Jollof rice. Hot Jollof rice comes to your mind as you leave the office on Friday afternoon. Jollof rice with plenty of onions. Mom says onions is good for your womb. You always laugh when she says that because you know better. No one gets pregnant from eating too much onions.

You are almost at the junction now. As usual, you give a plastic smile to the one-eyed agbero who is screaming “Ebule, Ebule. One lucky chance.” He gave you fifty naira last week for your fare. It wasn’t because you didn’t have money. You had two crisp five hundred naira notes. It was convenient. You didn’t have change, so you took the money. He clearly wanted to register his interest. Now, he smiles at you and opens the rear door for you to get in.

The taxi is hot and smells of rotten fish. You say a quick prayer of thanks for the blast of fresh air coming from the window. You notice that the window can’t be wound up. It is held in place by a small stick. The heavily pregnant woman next to you hisses for the umpteenth time and continues chewing her gum.

“Oya, wey the draiva na. Make we dey go abeg.’ It’s the old man in front with too much hair on his face. Other passengers express their displeasure. You are quiet, thinking of the Jollof rice again.

“Mek una no vex o. I dey settle agbero o! E wan chop my money,” The taxi driver says as he gets into the car and starts the engine. It splutters to life, and the taxi is on its way.

“I hear they have blocked the express…those Biafra boys. Driver, is it true?” The man at the other extreme is speaking now. You think he sounds educated.

“Oga, na true. Enough is enough. After our boys finish today, there will be nothing like Nigeria. Nonsense!” The driver spits out.

“Na which express be that? Ebule? How we go take pass na?” The pregnant woman says. You can see she is worried. Your heart begins to beat faster.

“Madam, no worry. Dem don call Army people. E be like sey dem dey there sef.”  The young man who hasn’t said anything till now says. He is still peering into his Android phone while talking.

“Army? Na wetin be army?” The taxi driver is furious. “Mek dem come na. We go finish dem. In fact, no more Nigeria again. Mek every body go im papa house.”

He is shouting now. “Wetin Nnamdi Kanu do dem wey dem go take arrest am? Yet dem sey we be one Nigeria, Mtcheww!”

“What do you mean? He has been inciting war through his radio station. Is that not enough reason to get him arrested?” The educated man replies the driver. It’s a good thing they are not sitting next to each other. “See, I’m an Ibo man, but I am not in support of this nonsense called Biafra. It is a mirage.”

It occurs to you that the driver doesn’t even know the meaning of “mirage” and “inciting.” But he keeps on talking. “Oga, leave dat tin wey you dey talk. Me, I’m a Biafran, any day, any time. Wetin Nigeria don do for me?”

The taxi is slowing down because of the traffic in front, and you can hear sirens all over. Grim-looking army officers in black polo and khaki trousers are jumping down from trucks. A heavily set man leads them shouting “ahead, ahead.” You are in a confirmed state of panic.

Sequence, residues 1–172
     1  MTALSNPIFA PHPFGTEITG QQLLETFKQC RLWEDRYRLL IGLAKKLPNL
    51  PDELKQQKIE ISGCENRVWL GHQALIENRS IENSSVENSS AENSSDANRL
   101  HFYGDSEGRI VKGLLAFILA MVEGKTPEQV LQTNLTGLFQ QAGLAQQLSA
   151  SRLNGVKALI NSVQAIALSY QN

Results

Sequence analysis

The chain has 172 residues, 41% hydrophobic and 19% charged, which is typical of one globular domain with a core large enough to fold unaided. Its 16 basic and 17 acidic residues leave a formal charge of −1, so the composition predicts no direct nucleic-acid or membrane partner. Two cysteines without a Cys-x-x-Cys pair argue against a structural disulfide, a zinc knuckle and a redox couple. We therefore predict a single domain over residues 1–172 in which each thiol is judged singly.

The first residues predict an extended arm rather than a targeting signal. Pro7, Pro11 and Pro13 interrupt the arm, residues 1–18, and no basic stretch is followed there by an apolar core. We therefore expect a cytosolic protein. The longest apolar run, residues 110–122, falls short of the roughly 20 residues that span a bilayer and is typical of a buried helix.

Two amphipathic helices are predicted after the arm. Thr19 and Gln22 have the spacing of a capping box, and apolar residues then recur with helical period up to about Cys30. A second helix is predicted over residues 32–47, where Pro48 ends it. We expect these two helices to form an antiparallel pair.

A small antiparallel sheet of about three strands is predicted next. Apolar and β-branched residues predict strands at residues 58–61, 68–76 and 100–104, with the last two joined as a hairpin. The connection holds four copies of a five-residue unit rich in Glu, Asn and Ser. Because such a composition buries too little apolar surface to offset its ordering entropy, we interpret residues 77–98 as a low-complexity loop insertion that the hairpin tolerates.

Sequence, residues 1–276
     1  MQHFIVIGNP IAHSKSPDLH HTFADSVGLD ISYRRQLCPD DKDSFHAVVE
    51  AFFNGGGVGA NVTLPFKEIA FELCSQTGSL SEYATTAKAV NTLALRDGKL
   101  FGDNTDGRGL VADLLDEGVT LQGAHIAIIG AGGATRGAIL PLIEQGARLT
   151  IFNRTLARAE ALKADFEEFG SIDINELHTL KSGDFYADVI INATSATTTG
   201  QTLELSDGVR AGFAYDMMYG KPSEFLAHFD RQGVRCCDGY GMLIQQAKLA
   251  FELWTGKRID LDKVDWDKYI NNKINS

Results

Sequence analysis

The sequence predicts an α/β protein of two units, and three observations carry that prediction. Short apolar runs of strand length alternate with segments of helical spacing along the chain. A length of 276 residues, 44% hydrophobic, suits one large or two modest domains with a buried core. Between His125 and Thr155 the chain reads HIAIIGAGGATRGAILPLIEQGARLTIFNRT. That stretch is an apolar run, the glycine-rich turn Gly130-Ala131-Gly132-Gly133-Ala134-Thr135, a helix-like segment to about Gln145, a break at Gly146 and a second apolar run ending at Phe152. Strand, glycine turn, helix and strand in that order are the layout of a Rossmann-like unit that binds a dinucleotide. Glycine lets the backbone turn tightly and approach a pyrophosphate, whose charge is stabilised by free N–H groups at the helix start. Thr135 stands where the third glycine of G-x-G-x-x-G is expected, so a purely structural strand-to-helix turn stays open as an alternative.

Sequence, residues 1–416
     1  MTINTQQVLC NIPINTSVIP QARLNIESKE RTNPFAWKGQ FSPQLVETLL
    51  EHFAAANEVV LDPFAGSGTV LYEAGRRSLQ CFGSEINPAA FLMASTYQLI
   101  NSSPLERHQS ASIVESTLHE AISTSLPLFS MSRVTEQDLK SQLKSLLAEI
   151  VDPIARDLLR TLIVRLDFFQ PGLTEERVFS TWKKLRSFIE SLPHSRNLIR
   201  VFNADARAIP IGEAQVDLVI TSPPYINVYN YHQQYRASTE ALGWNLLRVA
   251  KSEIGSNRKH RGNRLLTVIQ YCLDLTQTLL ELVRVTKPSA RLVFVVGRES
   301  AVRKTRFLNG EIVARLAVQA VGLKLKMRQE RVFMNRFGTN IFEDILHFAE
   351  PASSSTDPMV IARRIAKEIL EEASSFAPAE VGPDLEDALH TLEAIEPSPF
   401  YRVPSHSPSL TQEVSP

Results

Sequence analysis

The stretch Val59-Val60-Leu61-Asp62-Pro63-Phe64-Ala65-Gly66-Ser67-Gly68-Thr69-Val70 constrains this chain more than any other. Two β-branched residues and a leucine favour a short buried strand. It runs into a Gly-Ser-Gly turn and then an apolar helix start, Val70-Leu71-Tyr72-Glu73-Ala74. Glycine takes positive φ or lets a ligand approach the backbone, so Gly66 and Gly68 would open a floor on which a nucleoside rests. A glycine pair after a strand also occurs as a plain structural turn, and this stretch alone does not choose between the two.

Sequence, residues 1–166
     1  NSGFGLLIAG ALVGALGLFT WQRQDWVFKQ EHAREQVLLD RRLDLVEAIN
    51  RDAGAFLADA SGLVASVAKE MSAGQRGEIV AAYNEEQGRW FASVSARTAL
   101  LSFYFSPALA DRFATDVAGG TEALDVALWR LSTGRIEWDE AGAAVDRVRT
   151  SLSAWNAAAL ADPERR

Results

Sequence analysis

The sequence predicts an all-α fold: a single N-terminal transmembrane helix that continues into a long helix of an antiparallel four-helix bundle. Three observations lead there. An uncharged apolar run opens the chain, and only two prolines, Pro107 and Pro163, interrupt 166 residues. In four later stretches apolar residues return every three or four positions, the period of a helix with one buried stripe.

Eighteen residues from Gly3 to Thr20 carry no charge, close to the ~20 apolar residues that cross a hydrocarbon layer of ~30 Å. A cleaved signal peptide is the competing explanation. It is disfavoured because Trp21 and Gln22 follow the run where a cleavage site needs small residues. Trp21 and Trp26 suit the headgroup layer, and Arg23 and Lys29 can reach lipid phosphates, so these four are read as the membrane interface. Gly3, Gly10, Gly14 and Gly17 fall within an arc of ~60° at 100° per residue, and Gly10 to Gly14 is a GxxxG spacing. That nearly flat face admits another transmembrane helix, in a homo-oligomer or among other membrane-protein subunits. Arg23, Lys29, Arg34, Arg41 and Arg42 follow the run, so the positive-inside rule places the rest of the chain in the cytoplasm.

“Driver, abeg how I go take whine this glass,” you ask, feeling beads of sweat trickle down your back.

“Fine girl, you dey fear?” The Android-addict in front turns to you and smiles, revealing a set of stained teeth the color of burnt rice. Burnt Jollof rice. You ignore him.

The protesters are running in all directions, most of them youths carrying branches of leaves. They are bare-chested and red-eyed. Some are carrying the rising sun flags, chanting “Hausa go! Yoruba go! No more Nigeria!”

You look ahead and see tufts of smoke rising ahead of you. You look anxiously at the pregnant woman willing her to say something, anything.

She finally speaks, “Oga driver, help us whine up. E be like sey dem go spray tear gas.”

“That glass don spoil o,” the driver says, glancing around. “Beht mek una no fear. Dem no fit do any thing. Dem no get mind na.”

“Hmmmm. When you see army now, you no go get mouth again,” the pregnant woman says, obviously irritated. She has gotten rid of the chewing gum.

“Madam, wetin you dey talk? If e reach to carry gun, me I go carry o! I don tire. Na dis fifty naira I go take chop? Fuel no dey, man pikin dey suffer.”

“You think war is the answer, right? You don’t have a family. That’s why it is easy for you to say. Didn’t Ojukwu try it and fail? Even this so called Nnamdi Kanu has two passports. British passport! His family lives in UK, and you are here killing yourself over him.” The educated man is shouting at the top of his voice now.

“Ojukwu failed because that fool, Zik refused to support him. This time around it will not be like that. Even if na only one army man I kill.”

You are not listening to them anymore. Mom says that nobody who experienced the war would wish for it to happen again. You duck when you hear the gunshots. Three of them. You remember stories of stray bullets and think of calling your mother. The taxi is quiet all of a sudden. You notice the driver clutching the wheel with shaky hands.

Pedestrians are walking briskly. Their hands above their heads.

Two soldiers pass by the taxi driver’s window.

“Come on, move this scrap from here!” The tallest of them barks at the driver.

“Sure Sa! Your boy is loyal.” The driver’s voice sounds like he swallowed a million frogs.

The first sound you hear is the laughter of the old man with too much hair. Before long, everyone is laughing too and hailing the taxi driver “Biafran Solja!”

As the taxi pulls into Ebule bus stop, you think of Jollof rice again.



Post image by Leena Saarinen via Flickr

About the Author:

Portrait - EmmanuelFavour Emmanuel is in her final year at the University studying mechanical engineering. When she’s not buried in Thermodynamics, she loves to read fiction…a lot. Fortunately, writing is the only way she can atone for all the books she’s read and will keep reading.